Monday, November 27, 2006


Thanksgiving dinner went swimmingly... even though I didn't have a single bite of turkey. I couldn't do it after spending 2 hours ripping his little guts out with my bare hands the night before. It was enough to make me go veg (for a couple of days). Everyone else said it was delicious though. We had an unbelievable spread. I've never seen so much food in my life. I'm still eating pumpkin pie for breakfast, lunch and dinner. I consider that a bonus. :)

Pics are up of the Goa trip finally. I haven't labeled any of them yet, but at least they're there.

And in other news, my stepsister had her baby this week. I'm an auntie, kinda.. at least my brother is an uncle... *sigh* My family is complicated. In any case, he's beautiful! I can't wait to meet him when I come home next summer. Keep the pics a'comin, Mama TriStar. Congrats to both of you.

Not much else going on these days, so I'll sign off for now. Pics of Thanksgiving to come soon.

Wednesday, November 22, 2006

Happy Turkey Day

Holiday cooking in a foreign country is always an adventure. Finding the right ingredients, making do with what you can get your hands on, etc. Today I picked up my Thanksgiving turkey that I ordered from the butcher last month. (You have to give them enough time to fatten them up.) I was hoping and praying it wouldn't still be alive and walking around, because you never really know. He told me that he could keep it in the freezer for a couple of days for me. That was reassuring. At least I wouldn't have to kill it and clean it myself.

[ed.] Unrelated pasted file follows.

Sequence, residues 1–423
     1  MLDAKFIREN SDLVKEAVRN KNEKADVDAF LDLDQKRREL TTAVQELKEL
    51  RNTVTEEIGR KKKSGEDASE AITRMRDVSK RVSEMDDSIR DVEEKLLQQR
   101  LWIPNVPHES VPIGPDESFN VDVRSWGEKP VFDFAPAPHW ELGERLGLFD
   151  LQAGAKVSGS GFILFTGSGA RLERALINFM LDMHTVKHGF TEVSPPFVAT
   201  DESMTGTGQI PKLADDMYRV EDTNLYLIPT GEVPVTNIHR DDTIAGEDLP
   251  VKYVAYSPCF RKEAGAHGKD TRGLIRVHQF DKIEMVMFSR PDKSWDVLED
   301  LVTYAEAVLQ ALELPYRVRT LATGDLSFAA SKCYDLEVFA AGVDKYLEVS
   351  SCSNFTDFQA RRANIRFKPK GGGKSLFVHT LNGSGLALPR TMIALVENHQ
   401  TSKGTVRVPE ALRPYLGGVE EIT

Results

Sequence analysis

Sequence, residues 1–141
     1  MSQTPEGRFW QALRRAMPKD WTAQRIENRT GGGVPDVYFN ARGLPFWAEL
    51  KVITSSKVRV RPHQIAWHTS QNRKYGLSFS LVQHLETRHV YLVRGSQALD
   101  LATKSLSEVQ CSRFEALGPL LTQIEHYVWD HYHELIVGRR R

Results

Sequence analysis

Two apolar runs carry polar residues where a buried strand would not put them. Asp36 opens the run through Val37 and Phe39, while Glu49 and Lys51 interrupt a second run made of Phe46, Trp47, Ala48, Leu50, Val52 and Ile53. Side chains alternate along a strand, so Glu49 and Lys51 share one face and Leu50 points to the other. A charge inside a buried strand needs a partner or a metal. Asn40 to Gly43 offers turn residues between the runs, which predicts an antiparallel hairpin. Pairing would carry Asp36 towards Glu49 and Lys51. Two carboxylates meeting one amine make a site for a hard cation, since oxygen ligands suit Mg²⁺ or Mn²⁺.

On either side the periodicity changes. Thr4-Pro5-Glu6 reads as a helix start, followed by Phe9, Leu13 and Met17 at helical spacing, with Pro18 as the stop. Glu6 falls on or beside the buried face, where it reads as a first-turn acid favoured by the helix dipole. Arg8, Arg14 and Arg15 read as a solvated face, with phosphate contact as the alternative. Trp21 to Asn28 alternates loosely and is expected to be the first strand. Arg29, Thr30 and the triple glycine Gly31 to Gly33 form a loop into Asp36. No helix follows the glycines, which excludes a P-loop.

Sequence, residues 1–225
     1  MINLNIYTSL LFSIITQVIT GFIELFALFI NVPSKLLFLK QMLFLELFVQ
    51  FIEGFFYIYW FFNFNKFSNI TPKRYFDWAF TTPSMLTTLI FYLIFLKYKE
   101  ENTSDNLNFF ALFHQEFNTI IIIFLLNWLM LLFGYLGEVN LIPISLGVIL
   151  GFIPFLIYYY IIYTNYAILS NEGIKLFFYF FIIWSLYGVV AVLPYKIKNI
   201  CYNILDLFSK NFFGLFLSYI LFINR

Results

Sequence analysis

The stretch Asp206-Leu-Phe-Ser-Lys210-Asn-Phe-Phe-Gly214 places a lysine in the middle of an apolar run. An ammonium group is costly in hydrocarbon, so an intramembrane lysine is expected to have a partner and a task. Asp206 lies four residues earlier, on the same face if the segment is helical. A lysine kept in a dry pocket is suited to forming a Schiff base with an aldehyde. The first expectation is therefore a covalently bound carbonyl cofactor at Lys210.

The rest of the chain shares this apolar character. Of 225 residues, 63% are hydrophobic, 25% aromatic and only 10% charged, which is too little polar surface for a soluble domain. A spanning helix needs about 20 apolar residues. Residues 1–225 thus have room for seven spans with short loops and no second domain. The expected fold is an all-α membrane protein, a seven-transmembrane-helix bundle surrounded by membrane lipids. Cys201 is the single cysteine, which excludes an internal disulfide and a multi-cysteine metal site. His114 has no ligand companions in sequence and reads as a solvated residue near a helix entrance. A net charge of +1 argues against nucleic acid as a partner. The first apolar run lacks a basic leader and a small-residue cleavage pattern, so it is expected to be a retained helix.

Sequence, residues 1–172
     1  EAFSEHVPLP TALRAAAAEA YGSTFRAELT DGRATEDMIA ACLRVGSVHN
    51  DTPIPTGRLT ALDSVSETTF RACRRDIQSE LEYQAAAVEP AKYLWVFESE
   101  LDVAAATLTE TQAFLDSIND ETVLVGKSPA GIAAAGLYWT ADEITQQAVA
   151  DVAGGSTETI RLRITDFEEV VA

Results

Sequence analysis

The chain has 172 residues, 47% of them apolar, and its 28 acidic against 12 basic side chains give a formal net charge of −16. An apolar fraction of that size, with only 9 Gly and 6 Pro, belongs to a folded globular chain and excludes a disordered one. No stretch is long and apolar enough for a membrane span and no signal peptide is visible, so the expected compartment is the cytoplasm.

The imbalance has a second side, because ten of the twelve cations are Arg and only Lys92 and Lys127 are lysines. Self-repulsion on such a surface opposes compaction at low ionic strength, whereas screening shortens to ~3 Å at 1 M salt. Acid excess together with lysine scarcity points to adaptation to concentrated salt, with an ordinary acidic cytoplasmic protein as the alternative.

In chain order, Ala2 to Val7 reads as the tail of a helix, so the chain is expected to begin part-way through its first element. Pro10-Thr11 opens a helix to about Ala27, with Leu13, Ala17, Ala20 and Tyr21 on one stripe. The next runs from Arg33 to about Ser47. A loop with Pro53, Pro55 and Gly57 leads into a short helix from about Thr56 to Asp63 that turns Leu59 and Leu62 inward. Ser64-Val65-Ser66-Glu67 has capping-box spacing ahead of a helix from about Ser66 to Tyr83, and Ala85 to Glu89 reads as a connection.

So anyway... I get there this morning and he opens the bag to show me the 15 lb. bird, flat on it's back, feet (yes, FEET) up in the air, with his little frozen turkey head looking at me. I about died! I guess this is what I get for growing up thinking that steaks come in packages and turkeys come with built in pop-up meat thermometers, but I sure wasn't expecting it to look at me. After the initial shock wore off, I kindly asked him to remove the head and feet before I took the bird home.

Once I got here, I had to make sure it would fit in my oven. It's a tight squeeze, but I think we can manage. I have not been able to find a roasting pan as of yet. That is my mission tomorrow morning. Otherwise, it's improvization time again. I'm getting very good at it.

Wednesday, November 01, 2006

Dinner is served

Anyone who has ever traveled has probably seen some pretty funny things on menus. I just got back from 10 days in Goa and thought I'd share some highlights:

As a starter:
Tandoori lamp chops (a distant relative to the Duchess of Sconce and Queenie Candelabra, the poor little fella never saw it coming)

For dessert
Candid Fruits and Nuts (gay men from California that will tell you honestly that , "Yes, those pants do make you look fat.")

and for the main course, try the pasta (middle right hand side):